My default mode is that anything on television it is either wrong, misleading, overstated, or oversimplified -- any or all accompanied by contrived hyperdrama.
I just caught the "Remington Under Fire" rerun. I followed it with my 1970s M700 (a pretty 6mm tack driver) field stripped on my lap. That Remington is now the cleanest firearm on the block, except, importantly, for the innards of its trigger mechanism.
A Remington error in responding to the CNBC report was its emphasis on proper "maintenance," a very iffy thing on an enclosed trigger mechanism. You can scrub the outside of the trigger group box, brush it, wipe it carefully, blow compressed air through the tiny openings, but short of a bench-strip, you can not inspect or clean the internal parts. That is a design flaw.
The Remington web site purporting to respond to RUF is weak. It relies on sales patter and appeal to its storied history. It attacks trial lawyers and the show's producers. It does not not address the technical question. It does not react to Walker's reservations or those of professional M700 users. Disliking and mistrusting CNBC is not a rebuttal. (I understand its lawyers may be behind the insipid non-response.)
Which is not to say I think the 700 trigger assembly is inherently unsafe. It may be, but I am not competent to judge. Uninformed user tampering, gross maintenance negligence, or the truly freak happenstance can defeat adequate design on anything. There may have been -- probably was, in fact -- poor gun handling involved in some of the unintentional discharges, but he-said, she-said disputes hardly ever reveal technical fact.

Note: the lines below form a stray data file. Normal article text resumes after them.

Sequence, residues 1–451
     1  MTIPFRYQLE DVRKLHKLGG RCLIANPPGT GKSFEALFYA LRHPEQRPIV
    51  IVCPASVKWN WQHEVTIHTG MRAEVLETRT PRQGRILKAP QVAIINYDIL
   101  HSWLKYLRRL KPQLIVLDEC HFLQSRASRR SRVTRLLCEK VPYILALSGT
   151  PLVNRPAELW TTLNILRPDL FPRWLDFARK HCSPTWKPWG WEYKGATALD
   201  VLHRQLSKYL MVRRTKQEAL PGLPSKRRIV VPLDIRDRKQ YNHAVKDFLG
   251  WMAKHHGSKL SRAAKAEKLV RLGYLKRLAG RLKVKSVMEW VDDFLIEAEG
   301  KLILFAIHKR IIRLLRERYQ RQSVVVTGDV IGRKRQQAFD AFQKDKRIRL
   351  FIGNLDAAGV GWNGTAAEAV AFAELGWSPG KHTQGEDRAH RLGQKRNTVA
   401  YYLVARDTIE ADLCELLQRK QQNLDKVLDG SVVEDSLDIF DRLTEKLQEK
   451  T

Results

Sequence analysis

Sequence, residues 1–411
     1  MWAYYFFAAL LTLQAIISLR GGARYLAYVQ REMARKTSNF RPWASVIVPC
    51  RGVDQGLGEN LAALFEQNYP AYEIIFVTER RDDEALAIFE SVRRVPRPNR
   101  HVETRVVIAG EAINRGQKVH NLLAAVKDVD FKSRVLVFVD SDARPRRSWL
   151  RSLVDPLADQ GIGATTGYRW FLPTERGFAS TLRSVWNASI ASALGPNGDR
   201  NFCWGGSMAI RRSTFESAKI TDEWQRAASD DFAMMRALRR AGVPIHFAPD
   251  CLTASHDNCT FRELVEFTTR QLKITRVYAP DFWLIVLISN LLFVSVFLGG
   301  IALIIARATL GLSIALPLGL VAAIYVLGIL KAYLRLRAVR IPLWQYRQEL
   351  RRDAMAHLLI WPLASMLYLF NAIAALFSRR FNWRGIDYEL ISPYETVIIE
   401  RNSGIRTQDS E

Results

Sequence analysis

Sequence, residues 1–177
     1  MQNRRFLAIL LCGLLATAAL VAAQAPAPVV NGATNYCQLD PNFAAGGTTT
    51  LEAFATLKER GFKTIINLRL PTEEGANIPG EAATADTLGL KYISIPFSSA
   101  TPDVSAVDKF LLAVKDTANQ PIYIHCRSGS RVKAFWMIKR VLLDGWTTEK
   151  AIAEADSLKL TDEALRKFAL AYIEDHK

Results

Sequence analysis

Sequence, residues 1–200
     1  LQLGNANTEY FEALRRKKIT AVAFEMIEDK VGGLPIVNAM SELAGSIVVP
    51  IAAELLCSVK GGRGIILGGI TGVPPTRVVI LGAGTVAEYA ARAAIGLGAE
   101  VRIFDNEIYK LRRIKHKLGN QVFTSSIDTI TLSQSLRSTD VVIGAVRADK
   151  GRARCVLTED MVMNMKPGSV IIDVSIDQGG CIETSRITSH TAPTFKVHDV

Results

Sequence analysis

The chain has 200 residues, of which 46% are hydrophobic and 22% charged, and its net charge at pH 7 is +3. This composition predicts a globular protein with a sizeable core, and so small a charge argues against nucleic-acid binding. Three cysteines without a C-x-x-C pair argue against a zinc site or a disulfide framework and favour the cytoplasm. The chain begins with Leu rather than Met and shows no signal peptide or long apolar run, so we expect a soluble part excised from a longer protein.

I did everything I could to duplicate the reported problems, incessantly working the safety back and forth, trying and failing to get it to rest between the "fire" and "safe" positions, tapping rather hard with a mallet while the rifle was in every possible condition of readiness, bouncing its butt on the carpet. Nothing could induce the old gal to go off by herself.
But that is a long way from definitive proof of anything. For me, the jury is still out. If I decide to take her out again, I may tattoo Rule Two on the back of my right hand.